Shocked and disappointed is how some Comcast workers described themselves Tuesday. Many of them are wondering what to do next. "We came in this morning expecting just a regular meeting," one employee named Sheila said. But what she got was something else. Comcast told close to 1,000 workers that three of their California call centers will be closing in November. For the next 60 days, she still has a job. "I just modified my home and depending on that income to come in to get myself out of foreclosure," she said.
Comcast says they are consolidating call centers, with many of the positions shifting out of state. "We're really trying to put a focus on keeping as much of that talent as we can and for the first time, we have offered our front-line employees the ability to relocate with some financial assistance from the compaby," Comcast spokesman Andrew Johnson told ABC7 News. Johnson said they decided to close the call centers because of the high cost of doing business in California and insists that the realignment will not have an effect on the consumer experience and that the number of employees answering calls will not decrease.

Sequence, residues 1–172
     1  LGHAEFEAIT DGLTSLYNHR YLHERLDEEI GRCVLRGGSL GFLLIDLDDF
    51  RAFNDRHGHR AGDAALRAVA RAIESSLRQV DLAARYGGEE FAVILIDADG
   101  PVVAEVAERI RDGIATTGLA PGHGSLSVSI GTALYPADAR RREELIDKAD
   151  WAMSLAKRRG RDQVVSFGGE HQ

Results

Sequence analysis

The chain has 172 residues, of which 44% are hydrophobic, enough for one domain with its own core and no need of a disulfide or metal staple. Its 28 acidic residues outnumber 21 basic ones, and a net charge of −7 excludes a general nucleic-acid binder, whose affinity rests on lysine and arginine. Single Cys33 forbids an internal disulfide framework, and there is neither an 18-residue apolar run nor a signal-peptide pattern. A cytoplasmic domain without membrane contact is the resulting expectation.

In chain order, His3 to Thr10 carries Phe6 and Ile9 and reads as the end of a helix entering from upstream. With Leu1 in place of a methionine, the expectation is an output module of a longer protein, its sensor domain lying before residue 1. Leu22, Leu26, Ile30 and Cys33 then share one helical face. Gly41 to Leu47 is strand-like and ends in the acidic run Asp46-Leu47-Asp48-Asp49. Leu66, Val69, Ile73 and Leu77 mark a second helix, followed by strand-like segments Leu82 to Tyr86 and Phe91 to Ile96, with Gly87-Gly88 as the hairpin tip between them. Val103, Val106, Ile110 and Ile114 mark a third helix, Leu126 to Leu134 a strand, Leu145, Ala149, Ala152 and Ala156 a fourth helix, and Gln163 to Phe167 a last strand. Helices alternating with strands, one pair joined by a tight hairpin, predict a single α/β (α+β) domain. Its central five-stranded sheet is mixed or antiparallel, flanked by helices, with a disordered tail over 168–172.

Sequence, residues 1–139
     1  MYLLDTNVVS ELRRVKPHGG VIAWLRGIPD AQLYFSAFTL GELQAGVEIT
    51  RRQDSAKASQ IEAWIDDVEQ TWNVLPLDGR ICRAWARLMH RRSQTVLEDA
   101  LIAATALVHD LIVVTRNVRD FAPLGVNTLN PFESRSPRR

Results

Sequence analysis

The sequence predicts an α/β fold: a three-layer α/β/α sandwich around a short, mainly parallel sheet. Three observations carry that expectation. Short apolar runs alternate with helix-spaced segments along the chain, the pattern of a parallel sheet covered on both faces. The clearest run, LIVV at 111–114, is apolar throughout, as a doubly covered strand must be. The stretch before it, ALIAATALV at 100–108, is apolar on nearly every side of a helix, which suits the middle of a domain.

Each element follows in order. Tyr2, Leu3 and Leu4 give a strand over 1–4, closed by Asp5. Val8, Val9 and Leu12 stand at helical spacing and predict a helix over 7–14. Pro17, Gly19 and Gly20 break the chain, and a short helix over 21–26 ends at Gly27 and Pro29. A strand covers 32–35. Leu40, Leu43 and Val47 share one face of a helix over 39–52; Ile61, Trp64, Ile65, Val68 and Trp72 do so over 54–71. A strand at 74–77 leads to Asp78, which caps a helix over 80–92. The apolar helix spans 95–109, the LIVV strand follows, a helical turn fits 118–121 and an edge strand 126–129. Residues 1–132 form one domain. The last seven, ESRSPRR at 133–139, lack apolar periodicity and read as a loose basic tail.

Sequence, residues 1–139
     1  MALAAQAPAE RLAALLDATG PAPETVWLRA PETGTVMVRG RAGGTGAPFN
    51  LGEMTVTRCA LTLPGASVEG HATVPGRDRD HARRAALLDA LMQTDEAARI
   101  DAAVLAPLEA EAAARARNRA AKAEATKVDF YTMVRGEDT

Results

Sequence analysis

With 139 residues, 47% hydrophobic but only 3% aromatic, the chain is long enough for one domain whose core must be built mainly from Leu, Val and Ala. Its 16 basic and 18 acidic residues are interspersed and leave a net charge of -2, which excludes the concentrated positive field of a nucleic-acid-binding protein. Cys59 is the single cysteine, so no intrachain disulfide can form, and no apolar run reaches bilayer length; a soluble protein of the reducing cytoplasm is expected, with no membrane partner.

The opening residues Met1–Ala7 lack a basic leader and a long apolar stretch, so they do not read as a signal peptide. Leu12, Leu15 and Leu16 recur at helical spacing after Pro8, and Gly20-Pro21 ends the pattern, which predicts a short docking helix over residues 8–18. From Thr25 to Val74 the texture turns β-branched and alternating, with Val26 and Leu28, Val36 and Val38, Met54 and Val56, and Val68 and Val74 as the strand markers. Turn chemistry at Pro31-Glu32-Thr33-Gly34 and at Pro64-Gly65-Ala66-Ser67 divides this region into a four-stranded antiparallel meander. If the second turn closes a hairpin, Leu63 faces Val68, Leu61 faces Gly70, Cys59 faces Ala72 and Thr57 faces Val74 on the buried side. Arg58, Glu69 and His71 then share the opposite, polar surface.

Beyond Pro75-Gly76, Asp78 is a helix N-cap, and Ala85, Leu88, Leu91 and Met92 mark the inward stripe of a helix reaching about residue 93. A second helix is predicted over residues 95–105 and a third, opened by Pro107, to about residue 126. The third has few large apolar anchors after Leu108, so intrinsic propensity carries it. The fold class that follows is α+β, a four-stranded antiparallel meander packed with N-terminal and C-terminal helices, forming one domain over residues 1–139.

"The economy here is doing better and better," said Livermore Chamber of Commerce President Dale Kaye. Kaye said the repositioning of the Comcast jobs is unfortunate, but not a death knell to the city. A new mall is expected to bring an economic and employment boom. "This mall is going to employ over 2,000 people not counting construction, not counting some of the high-management people that may be moving into the area and probably adding to the quality of life," she said.
But for the Comcast employees slated to lose their jobs, that comes as small consolation. "The market changing, now you have the stress of trying to find another job," Sheila said. State leaders are also sounding off. California Senate President pro Tem Darrell Steinberg released a statement saying he was shocked and disappointed, and disheartened at Comcast's sudden move.